OK, this has probably happened to everyone at some point – you invested a lot of money or time in something that turned out to be worthless. Imagine buying an entire series of books and, after reading the first one, realizing that further reading is pointless. Perhaps it would be enough to only buy the first volume?
And what about the the writer: is it better to create a series of books and then publish them, or should the popularity of the first volume encourage the next one to be written? Maybe he or she should start with a short article instead?
Business Value has many Names
Generally, we can say that an MVP is a product which plays a minor but valuable role. In other words, it is a product with minimum features: and this brings certain advantages. Here is what a client gains with using the Minimum Viable Product (depending on the situation):
- Information on interest – or lack of interest – in the market for its product, and on how users react to the appearance of the finished product.
- Knowledge about how useful the solutions are.
- Knowledge about the practical skills and methodology of the company which has been entrusted with the task (building relationships based on trust).
- Experience in outsourcing-based cooperation.
- Experience in working with projects that use the time & material accounting method (another degree of trust).
- A piece of software ready for development.
- A complete feature that can already act alone and bring revenue.
Knowledge and Experience
It may be worthwhile to group all those benefits into two themes:
- Knowledge and experience (an MVP takes even the simplest forms, such as a landing page or explanatory video)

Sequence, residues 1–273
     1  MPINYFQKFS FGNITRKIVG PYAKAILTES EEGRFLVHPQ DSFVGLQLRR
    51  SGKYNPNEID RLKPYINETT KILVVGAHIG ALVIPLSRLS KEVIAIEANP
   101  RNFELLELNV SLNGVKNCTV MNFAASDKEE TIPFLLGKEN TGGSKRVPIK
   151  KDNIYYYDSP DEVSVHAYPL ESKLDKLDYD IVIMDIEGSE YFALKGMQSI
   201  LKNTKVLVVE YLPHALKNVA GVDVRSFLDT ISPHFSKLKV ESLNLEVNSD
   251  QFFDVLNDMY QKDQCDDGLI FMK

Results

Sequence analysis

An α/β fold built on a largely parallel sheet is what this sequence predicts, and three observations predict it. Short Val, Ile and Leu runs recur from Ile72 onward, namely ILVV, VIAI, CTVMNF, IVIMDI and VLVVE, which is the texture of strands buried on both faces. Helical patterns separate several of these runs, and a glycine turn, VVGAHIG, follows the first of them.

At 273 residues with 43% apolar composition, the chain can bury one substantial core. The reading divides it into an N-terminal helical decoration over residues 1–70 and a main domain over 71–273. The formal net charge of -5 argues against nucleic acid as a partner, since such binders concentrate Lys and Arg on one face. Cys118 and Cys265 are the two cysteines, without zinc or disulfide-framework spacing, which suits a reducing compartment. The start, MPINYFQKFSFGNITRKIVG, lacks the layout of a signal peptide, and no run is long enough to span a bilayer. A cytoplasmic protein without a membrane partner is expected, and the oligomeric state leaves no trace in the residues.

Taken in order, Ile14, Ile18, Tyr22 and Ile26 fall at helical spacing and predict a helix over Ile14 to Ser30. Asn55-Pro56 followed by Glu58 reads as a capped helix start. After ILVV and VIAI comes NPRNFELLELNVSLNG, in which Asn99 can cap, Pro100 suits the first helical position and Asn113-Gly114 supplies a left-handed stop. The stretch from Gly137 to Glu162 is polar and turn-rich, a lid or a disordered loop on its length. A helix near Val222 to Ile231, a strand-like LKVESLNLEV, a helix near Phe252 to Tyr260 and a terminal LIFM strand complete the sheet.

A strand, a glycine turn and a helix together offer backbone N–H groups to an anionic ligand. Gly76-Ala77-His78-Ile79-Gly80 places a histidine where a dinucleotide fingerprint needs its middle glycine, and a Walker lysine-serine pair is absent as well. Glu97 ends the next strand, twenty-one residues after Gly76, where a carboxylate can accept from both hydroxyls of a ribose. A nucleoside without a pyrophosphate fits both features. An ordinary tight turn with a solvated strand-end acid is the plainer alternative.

- The product as such.
Thanks to the MVP and the use of appropriate data collecting tools, the customer receives information which allows key business decisions to be made: those concerning the fate of the project (and its shape) and those related to the manner of cooperation with the company supplying the software.
Considering the first issue: this is the right moment to listen to the demands of the market once again and decide whether to continue the project, change its shape or maybe suspend it indefinitely.
The second category of business decisions is influenced by the experience acquired in cooperation with the company supplying the software. In this case, a small MVP equals minimum risk associated with outsourcing the project.
The Product itself
We cannot forget that in certain circumstances, functions performed by an MVP can translate directly into generated revenue. In the case of multifunctional information systems, an MVP may be the first – and crucial – acting feature that will benefit users. The whole course can be developed throughout the years, but this one specific function can generate profits immediately.
In the second part of our MVP discussions you will read all about the situations which call for the use of an MVP. Stay tuned!
Any questions, shoot!
author: Błażej Jelonek